5 Developments In Corporates Driving The Adoption Of Technology In Coaching
This is the first of a two-part series. Read the impact of technologies, such as AI, AR and blockchain, on coaching here.
“Voice recognition and artificial intelligence have advanced to the point that the illusion of a good quality coaching conversation can be created,” says Sam Isaacson, Grant Thornton’s Head of Coaching Services.
“However, will the AI be able to replace the value of a coach’s intuition and rapport?” he ponders reflecting on issues for coaching generated by the adoption of technology by corporates.
Isaacson tackled just such a subject as the host of Grant Thornton’s regular coaching breakfast in its London headquarters. The events attract a crowd of around 50 people from other corporates and individual executive coaches. He discovered from some of his guests that the professional services firm was far from alone.
The question of the impact of technology on coaching is increasingly being asked by CEOs already working with their own executive coach, leaders in corporates using coaching techniques to manage individuals in their teams and HR managers supervising a cohort of external coaches.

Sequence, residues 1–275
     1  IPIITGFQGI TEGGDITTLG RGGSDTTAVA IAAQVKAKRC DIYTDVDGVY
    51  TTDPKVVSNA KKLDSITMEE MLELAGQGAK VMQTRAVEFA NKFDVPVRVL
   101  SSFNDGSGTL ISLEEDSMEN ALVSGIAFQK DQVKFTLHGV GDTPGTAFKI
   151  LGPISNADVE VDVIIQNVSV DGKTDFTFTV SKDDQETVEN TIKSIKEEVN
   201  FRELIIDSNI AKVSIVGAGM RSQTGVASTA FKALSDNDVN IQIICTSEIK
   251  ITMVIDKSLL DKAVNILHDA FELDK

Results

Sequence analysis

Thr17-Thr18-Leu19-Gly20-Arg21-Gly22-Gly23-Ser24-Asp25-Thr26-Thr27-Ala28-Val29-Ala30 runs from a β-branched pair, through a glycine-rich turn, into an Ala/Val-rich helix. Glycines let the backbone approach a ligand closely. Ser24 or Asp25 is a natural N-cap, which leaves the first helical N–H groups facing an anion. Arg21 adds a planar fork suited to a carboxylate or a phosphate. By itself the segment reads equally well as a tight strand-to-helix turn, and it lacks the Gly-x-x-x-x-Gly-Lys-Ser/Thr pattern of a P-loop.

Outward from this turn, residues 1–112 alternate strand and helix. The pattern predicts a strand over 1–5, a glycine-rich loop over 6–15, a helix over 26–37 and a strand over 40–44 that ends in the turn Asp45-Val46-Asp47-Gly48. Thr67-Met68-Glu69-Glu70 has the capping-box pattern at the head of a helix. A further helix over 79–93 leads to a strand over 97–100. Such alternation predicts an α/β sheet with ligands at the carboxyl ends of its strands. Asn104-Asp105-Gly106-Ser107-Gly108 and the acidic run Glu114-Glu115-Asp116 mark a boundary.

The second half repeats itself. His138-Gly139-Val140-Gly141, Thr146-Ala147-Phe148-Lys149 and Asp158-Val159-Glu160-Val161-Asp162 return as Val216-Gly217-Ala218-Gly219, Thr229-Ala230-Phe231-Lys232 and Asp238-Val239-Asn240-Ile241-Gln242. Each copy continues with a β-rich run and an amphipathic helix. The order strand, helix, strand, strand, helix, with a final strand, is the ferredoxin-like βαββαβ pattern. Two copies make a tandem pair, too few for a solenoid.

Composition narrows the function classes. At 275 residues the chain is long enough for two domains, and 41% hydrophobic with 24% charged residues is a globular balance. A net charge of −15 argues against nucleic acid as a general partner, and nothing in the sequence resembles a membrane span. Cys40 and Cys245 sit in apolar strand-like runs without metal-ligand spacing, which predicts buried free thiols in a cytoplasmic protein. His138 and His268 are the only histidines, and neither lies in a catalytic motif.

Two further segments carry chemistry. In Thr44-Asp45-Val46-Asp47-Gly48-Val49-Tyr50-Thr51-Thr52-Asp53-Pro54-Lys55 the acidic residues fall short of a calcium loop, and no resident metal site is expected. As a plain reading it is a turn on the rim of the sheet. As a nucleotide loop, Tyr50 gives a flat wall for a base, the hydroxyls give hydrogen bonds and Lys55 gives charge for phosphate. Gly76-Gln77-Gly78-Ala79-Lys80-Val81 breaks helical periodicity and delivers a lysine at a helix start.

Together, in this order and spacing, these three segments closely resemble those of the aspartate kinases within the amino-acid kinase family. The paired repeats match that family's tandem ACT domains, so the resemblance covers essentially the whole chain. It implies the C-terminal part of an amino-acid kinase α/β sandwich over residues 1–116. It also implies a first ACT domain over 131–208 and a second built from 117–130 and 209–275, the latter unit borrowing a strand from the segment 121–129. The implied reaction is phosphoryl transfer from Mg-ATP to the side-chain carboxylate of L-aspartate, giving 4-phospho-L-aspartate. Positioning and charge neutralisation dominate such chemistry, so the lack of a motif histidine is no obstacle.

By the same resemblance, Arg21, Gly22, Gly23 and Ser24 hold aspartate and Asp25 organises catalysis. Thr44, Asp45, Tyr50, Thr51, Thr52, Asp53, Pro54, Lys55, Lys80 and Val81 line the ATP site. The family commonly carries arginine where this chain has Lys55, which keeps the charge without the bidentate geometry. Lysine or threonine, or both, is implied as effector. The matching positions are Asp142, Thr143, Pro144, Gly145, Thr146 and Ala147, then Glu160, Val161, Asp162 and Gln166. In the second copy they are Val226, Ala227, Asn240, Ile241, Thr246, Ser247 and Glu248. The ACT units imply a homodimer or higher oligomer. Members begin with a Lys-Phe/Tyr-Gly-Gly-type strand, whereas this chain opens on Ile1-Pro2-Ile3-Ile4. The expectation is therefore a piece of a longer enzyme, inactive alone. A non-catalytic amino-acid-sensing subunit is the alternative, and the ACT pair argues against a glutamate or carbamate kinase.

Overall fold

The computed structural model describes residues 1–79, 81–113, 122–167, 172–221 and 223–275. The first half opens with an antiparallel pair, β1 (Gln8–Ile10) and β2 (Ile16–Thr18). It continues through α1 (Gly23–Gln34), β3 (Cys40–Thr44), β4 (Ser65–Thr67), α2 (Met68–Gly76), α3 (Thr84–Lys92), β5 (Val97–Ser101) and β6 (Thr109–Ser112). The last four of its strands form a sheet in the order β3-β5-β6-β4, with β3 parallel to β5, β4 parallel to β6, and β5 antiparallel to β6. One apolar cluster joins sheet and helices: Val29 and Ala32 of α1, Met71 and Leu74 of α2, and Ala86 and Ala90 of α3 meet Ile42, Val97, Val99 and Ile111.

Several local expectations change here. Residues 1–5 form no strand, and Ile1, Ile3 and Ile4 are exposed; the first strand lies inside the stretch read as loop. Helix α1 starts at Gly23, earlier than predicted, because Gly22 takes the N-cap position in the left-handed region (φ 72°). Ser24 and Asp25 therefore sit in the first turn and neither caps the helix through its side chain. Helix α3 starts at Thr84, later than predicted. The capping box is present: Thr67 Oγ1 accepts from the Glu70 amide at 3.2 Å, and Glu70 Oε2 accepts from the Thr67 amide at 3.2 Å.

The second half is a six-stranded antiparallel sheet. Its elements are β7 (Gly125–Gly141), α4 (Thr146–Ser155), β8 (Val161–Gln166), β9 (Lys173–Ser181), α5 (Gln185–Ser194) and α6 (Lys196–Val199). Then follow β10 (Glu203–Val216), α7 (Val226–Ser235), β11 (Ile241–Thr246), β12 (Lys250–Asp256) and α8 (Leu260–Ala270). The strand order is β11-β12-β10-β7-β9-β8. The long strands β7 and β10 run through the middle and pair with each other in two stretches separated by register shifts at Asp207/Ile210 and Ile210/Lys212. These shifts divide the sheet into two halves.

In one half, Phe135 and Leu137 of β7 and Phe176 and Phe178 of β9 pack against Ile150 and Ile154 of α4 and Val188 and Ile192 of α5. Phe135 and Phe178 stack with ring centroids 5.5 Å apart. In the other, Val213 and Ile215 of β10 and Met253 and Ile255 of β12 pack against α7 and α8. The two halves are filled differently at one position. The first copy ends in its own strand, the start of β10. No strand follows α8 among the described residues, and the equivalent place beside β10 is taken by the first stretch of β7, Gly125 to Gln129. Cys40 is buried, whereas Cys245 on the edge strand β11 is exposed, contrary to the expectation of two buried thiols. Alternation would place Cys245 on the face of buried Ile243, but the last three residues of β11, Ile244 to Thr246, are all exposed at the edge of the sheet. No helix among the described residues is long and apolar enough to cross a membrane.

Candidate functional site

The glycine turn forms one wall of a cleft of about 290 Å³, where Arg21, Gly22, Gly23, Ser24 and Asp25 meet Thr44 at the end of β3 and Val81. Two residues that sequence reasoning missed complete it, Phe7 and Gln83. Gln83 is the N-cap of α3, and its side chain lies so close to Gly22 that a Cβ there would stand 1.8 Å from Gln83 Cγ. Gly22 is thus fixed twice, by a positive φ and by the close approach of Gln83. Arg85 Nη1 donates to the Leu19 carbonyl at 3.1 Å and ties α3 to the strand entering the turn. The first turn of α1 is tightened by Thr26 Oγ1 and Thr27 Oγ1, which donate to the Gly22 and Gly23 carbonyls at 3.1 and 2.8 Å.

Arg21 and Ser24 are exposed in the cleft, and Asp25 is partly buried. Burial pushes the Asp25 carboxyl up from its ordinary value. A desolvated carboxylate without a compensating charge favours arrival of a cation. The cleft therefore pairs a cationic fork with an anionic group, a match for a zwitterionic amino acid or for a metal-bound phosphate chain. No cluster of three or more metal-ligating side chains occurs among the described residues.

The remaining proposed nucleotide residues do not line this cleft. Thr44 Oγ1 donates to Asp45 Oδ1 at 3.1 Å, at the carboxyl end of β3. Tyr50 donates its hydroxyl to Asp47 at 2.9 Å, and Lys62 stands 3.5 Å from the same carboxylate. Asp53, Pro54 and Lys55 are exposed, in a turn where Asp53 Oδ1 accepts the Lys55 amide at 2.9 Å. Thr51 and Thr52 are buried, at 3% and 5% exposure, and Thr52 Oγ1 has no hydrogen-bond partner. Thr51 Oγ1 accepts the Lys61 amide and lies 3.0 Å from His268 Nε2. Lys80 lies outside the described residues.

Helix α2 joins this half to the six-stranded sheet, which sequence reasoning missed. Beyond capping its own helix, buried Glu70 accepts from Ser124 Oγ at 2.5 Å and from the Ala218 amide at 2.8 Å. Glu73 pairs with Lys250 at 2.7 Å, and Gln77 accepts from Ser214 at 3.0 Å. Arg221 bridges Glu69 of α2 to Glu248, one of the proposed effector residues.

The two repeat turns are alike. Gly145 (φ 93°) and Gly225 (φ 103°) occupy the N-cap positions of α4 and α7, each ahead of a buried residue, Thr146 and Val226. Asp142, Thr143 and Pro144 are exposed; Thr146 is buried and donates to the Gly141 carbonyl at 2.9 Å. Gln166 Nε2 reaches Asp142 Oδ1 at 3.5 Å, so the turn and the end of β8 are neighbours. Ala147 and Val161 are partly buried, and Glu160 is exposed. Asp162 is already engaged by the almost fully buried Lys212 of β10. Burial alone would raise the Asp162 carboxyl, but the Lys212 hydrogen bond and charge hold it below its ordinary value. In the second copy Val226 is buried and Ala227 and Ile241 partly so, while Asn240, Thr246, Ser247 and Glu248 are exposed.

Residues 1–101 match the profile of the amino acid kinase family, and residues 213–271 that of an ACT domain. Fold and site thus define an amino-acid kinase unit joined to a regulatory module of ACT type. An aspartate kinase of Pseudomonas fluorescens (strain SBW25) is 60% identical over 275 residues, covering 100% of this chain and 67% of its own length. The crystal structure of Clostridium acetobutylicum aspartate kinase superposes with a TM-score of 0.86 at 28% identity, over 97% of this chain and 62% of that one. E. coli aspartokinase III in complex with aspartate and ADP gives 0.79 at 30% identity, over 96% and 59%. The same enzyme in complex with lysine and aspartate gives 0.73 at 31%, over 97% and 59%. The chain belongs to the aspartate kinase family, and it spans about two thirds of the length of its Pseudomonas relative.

1. Not just the C-suite
Traditionally, executive coaches were lined up only for the top executives in an organisation. But corporates are in a battle to attract and retain talent, particularly those in demographics such as Millennials and Generation X that have little time or respect for hierarchies and elites.
“Coaching gives access to personal development with high impact but also at a very high cost. Technology reduces these,” says Alex Pascal, founder and CEO of CoachLogix.
“It enables new coaching delivery models that can bring costs down and enable coaching to happen at all levels in organisations. It’s the democratisation of coaching,” continues Pascal who runs a startup providing management of coaching online.
The democratisation of coaching might also help corporates to achieve more diverse and inclusive workforces, goals that have been painfully slow to deliver - such as the gender pay gap which could take another 50 years to disappear.
“Targeted coaching programmes can help build social capital for those from minority or protected characteristic groups,” says Dr Sally Bonneywell, the guest speaker at Grant Thornton’s recent breakfast.
2. Saving the pennies
One of the reasons for the exclusivity of coaching within corporates has been budgets.
“Previously cost has been prohibitive for the widespread adoption of coaching through a company. But can we commoditise coaching on a large scale?” asks Bonneywell, a coach herself but formerly with GlaxoSmithKline for over 20 years.
“It cannot create the moment, the body language or the coaching relationship. But for some of the questions in a coaching session, why not use predictive algorithms?”
Technology could also make an opportunity out of a challenge confronting many individual coaches at the moment. There’s a glut of coaches coming out of courses who cannot find clients.